Tom Carradine: Carradine’s Cockney Sing-a-long: Live at the Bull & Gate

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Tom Carradine

Carradine’s Cockney Sing-a-long: Live at the Bull & Gate

Wilton’s Music Hall, London, U.K., February 6, 2016

Reviewed by Fiona Coffey for Cabaret Scenes

Tom-Carradine-Cabaret-Scenes-Magazine_212An evening at Wilton’s is an occasion in itself. The world’s oldest surviving Grand Music Hall is steeped in London’s East End history. Its high stage, domed ceiling and deep, overhanging balcony are unmistakable reminders of a Victorian music hall heyday, while its bare brick walls and timber floors happily accommodate 21st century urban tastes. It was the perfect setting for Carradine’s Cockney Sing-a-long, a form of entertainment that locates itself firmly in a pre-digital, pre-vinyl musical age, yet has been gloriously re-created by Tom Carradine to charm a modern audience.

A music hall and old time music afficionado, Carradine is a pianist and musical director who has worked extensively on London’s musical theater and cabaret scenes. For Carradine’s Cockney Sing-a-long he draws upon a particular British tradition, the spontaneous gathering around an upright piano in a pub or living room to belt out well-loved songs. In Cockney-speak, this might be termed “a good ol’ knees-up” – referencing the dancing that inevitably accompanies this form of drink-fuelled merry-making. At the heart of this tradition are classic songs that have been passed down through generations. Originally popularized by music hall stars of the day, their uncomplicated sentiments, uplifting melodies and easily memorized lyrics are made for community singing. Whether it’s “Down at the Old Bull and Bush” or the almost unbearably poignant “Keep the Home Fires Burning,” many of these songs reinforce a cultural understanding that “’avin’ a laugh” or at least maintaining cheery stoicism is the best way to deal with adversity and crisis.

What is surprising is the extent to which these old-fashioned songs linger in the collective memory. Part of the genius of this show is in the way it harnesses the delight that greets a long-lost song. It feels like an old school reunion where all the classmates you wanted to see introduce themselves in quick succession. Songs are delivered at pace, grouped into cleverly themed medleys with little time to linger in between. Carradine keeps the format fresh by adding more recent favorites—show tunes, one or two songs from the sixties and seventies, and a hilarious TV sitcom medley. Into the hopper they go, and given the same piano treatment, they all sound as if they belong together.

Audience members are put through their paces, singing every line of every song, not just the choruses or the catchphrases, aided by lyrics projected on a large screen at the back of the stage. Participation is not obligatory, but soon becomes compulsive. When three hundred people are singing their hearts out, and yelling “’ave a banana” whenever they feel like it, any vestiges of British reserve simply melt away. And as Carradine points out reassuringly, “the more you drink, the better you sound.” Two hours, and over a hundred songs later, a sense of collective achievement and goodwill pervades the room. It is a hugely joyful and unexpectedly potent experience where the audience and the songs are the stars of the show.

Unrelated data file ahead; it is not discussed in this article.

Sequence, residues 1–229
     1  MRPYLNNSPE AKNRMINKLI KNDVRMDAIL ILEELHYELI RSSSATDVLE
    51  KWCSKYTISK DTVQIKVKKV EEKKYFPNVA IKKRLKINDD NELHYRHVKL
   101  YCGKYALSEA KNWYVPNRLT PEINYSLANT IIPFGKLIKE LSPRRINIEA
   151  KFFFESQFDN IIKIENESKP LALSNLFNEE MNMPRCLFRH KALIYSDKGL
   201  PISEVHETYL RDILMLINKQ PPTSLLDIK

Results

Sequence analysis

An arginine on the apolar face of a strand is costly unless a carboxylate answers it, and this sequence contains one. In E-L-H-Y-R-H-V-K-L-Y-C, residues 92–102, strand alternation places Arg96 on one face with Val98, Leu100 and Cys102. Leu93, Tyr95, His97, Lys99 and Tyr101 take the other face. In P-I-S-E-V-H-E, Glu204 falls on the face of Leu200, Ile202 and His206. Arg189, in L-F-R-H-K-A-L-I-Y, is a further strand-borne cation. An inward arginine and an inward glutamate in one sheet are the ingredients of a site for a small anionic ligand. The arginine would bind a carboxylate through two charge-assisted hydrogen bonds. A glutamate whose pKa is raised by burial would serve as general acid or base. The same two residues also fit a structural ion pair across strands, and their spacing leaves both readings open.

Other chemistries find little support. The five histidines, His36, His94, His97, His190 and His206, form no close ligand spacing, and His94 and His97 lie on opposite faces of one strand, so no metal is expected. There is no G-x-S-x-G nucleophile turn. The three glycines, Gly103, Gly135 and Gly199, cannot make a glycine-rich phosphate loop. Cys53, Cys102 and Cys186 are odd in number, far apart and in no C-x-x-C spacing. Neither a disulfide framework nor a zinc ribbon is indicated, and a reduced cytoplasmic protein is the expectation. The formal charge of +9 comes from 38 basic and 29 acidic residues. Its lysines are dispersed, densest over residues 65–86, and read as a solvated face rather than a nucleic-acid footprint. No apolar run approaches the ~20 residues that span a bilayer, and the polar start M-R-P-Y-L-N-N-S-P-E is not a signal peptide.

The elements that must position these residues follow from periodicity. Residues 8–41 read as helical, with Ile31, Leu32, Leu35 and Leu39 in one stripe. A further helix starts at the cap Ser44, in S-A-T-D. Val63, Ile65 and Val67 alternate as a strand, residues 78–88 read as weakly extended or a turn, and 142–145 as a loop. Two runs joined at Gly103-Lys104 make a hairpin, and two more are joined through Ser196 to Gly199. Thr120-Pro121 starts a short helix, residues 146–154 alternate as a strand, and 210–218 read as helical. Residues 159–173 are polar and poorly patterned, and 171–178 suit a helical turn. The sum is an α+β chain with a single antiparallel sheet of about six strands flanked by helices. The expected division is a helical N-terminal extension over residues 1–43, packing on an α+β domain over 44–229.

Carradine’s Cockney Sing-a-long is a deceptively simple, winning formula, brilliantly executed and promoted. Nothing can replace the live experience, but the album is a great souvenir that captures the warm atmosphere generated by this show. Rather like the most capable and sensitive wedding planners who have organized everything so perfectly that their presence is felt only in the absence of drama and disarray, Carradine makes no attempt to dominate the proceedings. Both in this show and on the album recording, he has cast himself in a facilitative role—introductions are brief and kindly; the space given to Carradine’s solo voice is only intermittent. In some ways, this is a pity, as Carradine sings and plays beautifully. He also cuts a dashing figure with his distinctive waxed moustache.

This is one of those shows that is destined to grow, perhaps exponentially, in popularity and appeal. As it does, it will be great to see more of Carradine’s presence and personality shine through. This can only enhance what is already a terrific night out. It would be a mistake to assume that Carradine’s Cockney Sing-a-long appeals only to natives who already understand the Cockney idiom. Rather, it is a must for anyone who is curious enough to sample London’s rich musical heritage, and ‘ave a bloomin’ good time as they do.

Fiona Coffey

Fiona Coffey joins our review team as a cabaret enthusiast and jazz singer, just as she makes her sell-out debut on the London cabaret scene with a self-devised tribute to her alter-ego Mrs. Robinson. She has hosted jazz evenings and performed at a number of venues including The Crazy Coqs, The Pheasantry, and 606 Club. In her day job she is a leadership development coach, travelling around the globe, working with a hugely diverse population of executives, as they grapple with the challenges of leadership and organizational change. Having recently expended most of her writing energies on her doctoral thesis, she welcomes the opportunity to entertain and inform a different audience through Cabaret Scenes.